After a number of deadly incidents at oil and gas storage facilities over the course of the last 20 years, federal investigators are these facilities to better secure their storage sites.
According to statistics provided by the Chemical Safety Board (CSB), at least 44 people have died in explosions and fires that occurred while they were on recreational visits to oil and gas storage sites. Another 25 were injured in these explosions and fires.
While 44 deaths in the course of 27 years (from 1983 to 2010) may not seem like many, even one death is too many — especially when all of these deaths were of young people under the age of 25.
Many of these incidents involved curious kids, teenagers and young adults that stumbled across the unsecured or unprotected storage tanks holding unrefined oil. According to a report released by the CSB, storage tanks are often kept in remote areas without fences or warning signs. These unsecured areas can be a tempting place for partying teenagers to hang out.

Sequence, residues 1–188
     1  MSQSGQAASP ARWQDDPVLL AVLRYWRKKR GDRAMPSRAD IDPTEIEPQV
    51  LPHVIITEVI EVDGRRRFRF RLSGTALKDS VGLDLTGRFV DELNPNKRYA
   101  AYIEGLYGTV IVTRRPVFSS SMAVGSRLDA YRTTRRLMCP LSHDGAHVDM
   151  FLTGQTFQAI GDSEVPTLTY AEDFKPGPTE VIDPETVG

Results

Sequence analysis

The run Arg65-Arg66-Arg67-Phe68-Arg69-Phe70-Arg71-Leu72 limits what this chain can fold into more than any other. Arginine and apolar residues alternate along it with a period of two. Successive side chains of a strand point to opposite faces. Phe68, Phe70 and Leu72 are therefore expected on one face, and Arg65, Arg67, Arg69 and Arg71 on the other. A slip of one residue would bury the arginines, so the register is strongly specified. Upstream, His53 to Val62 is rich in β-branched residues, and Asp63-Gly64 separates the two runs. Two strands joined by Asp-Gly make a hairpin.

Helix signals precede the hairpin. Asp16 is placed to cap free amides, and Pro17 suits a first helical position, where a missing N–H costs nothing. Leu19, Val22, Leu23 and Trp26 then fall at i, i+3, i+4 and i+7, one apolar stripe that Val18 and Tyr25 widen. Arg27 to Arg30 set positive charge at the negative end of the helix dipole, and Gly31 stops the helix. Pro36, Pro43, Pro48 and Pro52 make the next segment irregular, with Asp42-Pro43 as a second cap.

One of the more recent incidents includes the story of a 24-year-old woman in East Texas who lit a cigarette while on top of an oil tank. The tank exploded, killing the young woman and injuring her 25-year-old companion.
Of the injury-causing explosions and fires, 27 percent of them occurred in Texas. Most of the incidents were in the south central part of the United States — New Mexico, Mississippi, Oklahoma and Louisiana, although there were several incidents in Ohio, Pennsylvania and Illinois.
To learn what how federal investigators believe these incidents could be prevented, please check back for our next post.
Source: Houston Chronicle, “Feds urge oil, gas sites to protect kids from blasts,” 10/27/11.